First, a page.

Exploring the Bluetooth apps
At this point, you have an operational Linux computer, with a few Bluetooth utilities built into the Linux distro you created. There is a decent command line Bluetooth scanner built into the BlueZ protocol stack that was compiled into the kernel. This scanner, called hcitool, will find all Bluetooth devices that have been placed in discoverable mode. The hcitool man page is here.
Typing in "hcitool inq" will display the physical addresses, clock offsets and classes of found items. Typing in "hcitool scan" will display the physical address, make and model of the found devices.
With the "rubber duck" antenna attached, the Gumstix detected my paired Blackberry 7520 and Jabra headset from about 20 feet away (Figure 11). You can expect far greater ranges and more directionality once the Gumstix is connected to the high-gain antenna on the BlueSniper rifle itself.
Careful inspection of Figure 11 reveals that each make / model description doesn't always map to the same MAC address. In other words, if you run "hcitool scan" multiple times in an environment with many paired Bluetooth devices, you will see different MAC addresses reported for each Bluetooth device. I'm not sure whether this is due to the way hcitool or Bluetooth itself works, but am highlighting it so that you won't think that something is wrong when you see it.
Note that due to the channel-hopping nature of Bluetooth, you will not get the instant gratification that you would get from Wi-Fi wardriving. It takes several seconds to detect discoverable devices. Note also that If you decide to "BlueSnipe" around town, you may be disappointed. Bluetooth scanning is still in early stages and there are few tools that can detect devices set to non-discoverable mode (more on this shortly).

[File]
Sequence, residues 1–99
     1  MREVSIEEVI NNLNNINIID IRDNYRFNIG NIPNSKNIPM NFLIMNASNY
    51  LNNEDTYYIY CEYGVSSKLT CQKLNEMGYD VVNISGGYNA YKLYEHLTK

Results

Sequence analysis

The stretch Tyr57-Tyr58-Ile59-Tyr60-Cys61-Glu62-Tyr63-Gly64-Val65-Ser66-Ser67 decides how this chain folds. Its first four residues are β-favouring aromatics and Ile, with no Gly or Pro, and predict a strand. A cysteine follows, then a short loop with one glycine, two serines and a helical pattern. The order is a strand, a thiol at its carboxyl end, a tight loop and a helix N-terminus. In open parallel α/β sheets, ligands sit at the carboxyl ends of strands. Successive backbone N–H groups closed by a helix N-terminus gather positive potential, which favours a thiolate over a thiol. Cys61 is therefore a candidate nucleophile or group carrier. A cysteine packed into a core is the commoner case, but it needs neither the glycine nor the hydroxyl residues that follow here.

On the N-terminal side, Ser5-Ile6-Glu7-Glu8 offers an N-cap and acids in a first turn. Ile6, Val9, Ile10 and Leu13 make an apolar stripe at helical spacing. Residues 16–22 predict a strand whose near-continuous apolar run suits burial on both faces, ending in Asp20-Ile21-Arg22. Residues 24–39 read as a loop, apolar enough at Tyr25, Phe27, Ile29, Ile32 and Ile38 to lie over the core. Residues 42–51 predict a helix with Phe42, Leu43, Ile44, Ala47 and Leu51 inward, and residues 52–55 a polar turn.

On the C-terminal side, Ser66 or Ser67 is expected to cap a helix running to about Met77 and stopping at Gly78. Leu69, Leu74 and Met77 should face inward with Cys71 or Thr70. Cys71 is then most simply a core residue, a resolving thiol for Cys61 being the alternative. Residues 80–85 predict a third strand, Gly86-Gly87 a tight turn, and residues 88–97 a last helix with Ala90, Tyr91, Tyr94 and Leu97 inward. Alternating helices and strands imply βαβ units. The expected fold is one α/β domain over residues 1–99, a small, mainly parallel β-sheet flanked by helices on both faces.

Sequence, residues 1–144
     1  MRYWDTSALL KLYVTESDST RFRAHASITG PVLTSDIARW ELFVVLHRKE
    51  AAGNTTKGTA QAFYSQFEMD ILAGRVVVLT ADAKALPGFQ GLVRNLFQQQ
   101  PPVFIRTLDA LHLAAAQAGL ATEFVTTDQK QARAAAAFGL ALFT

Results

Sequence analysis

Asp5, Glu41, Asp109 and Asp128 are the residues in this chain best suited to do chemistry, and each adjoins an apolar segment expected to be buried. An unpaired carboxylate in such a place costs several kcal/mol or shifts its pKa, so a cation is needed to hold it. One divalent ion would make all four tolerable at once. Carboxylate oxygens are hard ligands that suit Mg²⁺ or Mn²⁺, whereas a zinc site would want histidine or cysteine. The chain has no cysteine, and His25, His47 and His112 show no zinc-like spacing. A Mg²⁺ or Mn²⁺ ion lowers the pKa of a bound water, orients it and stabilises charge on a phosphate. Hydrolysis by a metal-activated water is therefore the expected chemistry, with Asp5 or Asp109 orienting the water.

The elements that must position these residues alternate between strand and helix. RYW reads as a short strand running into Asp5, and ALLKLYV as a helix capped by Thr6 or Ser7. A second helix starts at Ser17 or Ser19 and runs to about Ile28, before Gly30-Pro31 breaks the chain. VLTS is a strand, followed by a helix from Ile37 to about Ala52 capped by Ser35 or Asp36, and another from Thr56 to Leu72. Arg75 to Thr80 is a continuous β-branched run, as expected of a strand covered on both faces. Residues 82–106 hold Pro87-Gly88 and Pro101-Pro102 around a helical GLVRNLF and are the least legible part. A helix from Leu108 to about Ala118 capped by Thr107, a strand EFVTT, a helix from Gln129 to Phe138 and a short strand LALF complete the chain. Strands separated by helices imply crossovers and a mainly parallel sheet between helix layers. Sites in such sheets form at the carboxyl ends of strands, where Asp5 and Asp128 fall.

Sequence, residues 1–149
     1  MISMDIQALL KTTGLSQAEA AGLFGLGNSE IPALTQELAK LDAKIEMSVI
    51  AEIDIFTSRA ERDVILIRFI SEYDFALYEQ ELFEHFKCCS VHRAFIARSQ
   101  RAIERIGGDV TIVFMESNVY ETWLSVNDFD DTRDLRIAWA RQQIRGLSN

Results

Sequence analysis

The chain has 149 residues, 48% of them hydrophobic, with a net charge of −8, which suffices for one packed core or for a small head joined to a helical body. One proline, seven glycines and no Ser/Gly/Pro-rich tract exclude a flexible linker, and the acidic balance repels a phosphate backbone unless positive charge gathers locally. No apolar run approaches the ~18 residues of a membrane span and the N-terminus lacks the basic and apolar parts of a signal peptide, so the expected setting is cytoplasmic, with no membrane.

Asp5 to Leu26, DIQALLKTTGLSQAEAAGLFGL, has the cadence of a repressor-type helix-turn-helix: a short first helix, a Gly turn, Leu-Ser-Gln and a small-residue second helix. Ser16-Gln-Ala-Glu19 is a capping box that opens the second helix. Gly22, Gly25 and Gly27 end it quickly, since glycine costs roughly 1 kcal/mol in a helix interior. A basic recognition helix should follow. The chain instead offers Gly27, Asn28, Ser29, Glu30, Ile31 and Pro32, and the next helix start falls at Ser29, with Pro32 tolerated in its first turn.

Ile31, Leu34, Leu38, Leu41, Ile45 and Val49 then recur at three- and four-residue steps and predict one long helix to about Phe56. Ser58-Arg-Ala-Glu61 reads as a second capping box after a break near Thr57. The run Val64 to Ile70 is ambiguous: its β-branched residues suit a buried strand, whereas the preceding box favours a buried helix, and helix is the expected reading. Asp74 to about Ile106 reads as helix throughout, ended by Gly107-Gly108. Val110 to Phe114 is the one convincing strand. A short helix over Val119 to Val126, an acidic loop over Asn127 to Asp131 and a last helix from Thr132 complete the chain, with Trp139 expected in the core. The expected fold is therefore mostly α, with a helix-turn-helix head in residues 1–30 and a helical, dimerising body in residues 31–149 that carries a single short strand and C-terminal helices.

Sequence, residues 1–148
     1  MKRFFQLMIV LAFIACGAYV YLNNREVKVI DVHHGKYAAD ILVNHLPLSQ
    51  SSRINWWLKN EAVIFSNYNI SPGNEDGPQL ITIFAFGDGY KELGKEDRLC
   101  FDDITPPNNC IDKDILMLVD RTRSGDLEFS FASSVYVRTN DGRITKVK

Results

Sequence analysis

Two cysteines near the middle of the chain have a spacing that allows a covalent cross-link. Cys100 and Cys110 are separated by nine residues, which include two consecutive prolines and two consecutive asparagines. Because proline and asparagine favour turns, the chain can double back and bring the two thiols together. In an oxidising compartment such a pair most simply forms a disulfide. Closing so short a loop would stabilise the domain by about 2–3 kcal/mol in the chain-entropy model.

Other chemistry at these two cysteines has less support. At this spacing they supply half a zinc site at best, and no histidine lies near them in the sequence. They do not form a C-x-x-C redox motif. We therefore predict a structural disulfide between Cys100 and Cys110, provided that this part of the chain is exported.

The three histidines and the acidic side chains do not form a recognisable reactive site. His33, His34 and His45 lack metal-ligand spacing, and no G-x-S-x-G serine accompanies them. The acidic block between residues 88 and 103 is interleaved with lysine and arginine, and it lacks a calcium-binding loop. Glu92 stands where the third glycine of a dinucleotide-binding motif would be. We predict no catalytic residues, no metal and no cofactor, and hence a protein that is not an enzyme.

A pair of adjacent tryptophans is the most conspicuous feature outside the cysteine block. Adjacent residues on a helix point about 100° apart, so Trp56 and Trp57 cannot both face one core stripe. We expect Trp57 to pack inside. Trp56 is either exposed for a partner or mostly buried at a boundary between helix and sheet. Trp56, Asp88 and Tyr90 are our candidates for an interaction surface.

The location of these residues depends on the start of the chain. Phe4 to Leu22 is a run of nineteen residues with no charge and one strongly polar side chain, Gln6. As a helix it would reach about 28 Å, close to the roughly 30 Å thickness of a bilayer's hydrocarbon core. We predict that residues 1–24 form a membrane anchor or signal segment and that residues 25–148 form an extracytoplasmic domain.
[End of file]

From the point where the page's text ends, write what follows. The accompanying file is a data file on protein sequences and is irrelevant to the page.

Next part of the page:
Another command built into the BlueZ protocol stack is l2ping, which is the Bluetooth version of the venerable ping command. You will need to know the Bluetooth MAC address of an in-range device in order to l2ping it. Fortunately, the hcitool scan and inq commands provide MAC address info. Of course, if you didn't find any devices with hcitool, then l2ping will not do anything for you.
Here's how you'd ping a Bluetooth device with MAC address 01:02:03:ab:cd:ef:
l2ping -f 01:02:03:ab:cd:ef
If the ping is successful, you will receive a response back that looks similar to the one below. Do a control+c to stop the pings.
l2ping 01:02:03:ab:cd:ef Ping: 01:02:03:ab:cd:ef from ....... 0 Bytes from 00:60:57:75:7C:36 id 200 time 37.89ms 0 Bytes from 00:60:57:75:7C:36 id 201 time 19.96ms 0 Bytes from 00:60:57:75:7C:36 id 202 time 12.25ms 0 Bytes from 00:60:57:75:7C:36 id 203 time 12.18ms 0 Bytes from 00:60:57:75:7C:36 id 204 time 11.80ms
For other devices just replace the 01:02:03:ab:cd:ef with the MAC address of the target device. The l2ping man page is here.